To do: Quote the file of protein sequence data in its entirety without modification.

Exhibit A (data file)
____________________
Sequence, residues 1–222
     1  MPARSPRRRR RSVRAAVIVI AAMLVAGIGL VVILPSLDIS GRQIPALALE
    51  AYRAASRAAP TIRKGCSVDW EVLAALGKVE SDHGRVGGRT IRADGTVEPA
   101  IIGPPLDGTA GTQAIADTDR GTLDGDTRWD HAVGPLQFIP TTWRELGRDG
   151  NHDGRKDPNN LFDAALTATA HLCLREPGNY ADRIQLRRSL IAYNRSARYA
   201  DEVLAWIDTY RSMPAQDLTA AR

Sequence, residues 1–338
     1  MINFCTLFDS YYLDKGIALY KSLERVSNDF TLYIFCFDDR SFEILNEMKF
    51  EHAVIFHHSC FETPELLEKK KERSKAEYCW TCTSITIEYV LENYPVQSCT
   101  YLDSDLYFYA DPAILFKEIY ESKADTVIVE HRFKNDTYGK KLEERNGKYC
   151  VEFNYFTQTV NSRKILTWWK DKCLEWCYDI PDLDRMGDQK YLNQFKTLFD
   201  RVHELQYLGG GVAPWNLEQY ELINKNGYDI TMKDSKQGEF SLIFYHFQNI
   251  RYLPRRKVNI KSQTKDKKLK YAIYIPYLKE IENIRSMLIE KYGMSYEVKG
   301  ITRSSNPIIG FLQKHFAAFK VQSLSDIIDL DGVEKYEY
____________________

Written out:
Sequence, residues 1–222
     1  MPARSPRRRR RSVRAAVIVI AAMLVAGIGL VVILPSLDIS GRQIPALALE
    51  AYRAASRAAP TIRKGCSVDW EVLAALGKVE SDHGRVGGRT IRADGTVEPA
   101  IIGPPLDGTA GTQAIADTDR GTLDGDTRWD HAVGPLQFIP TTWRELGRDG
   151  NHDGRKDPNN LFDAALTATA HLCLREPGNY ADRIQLRRSL IAYNRSARYA
   201  DEVLAWIDTY RSMPAQDLTA AR

Sequence, residues 1–338
     1  MINFCTLFDS YYLDKGIALY KSLERVSNDF TLYIFCFDDR SFEILNEMKF
    51  EHAVIFHHSC FETPELLEKK KERSKAEYCW TCTSITIEYV LENYPVQSCT
   101  YLDSDLYFYA DPAILFKEIY ESKADTVIVE HRFKNDTYGK KLEERNGKYC
   151  VEFNYFTQTV NSRKILTWWK DKCLEWCYDI PDLDRMGDQK YLNQFKTLFD
   201  RVHELQYLGG GVAPWNLEQY ELINKNGYDI TMKDSKQGEF SLIFYHFQNI
   251  RYLPRRKVNI KSQTKDKKLK YAIYIPYLKE IENIRSMLIE KYGMSYEVKG
   301  ITRSSNPIIG FLQKHFAAFK VQSLSDIIDL DGVEKYEY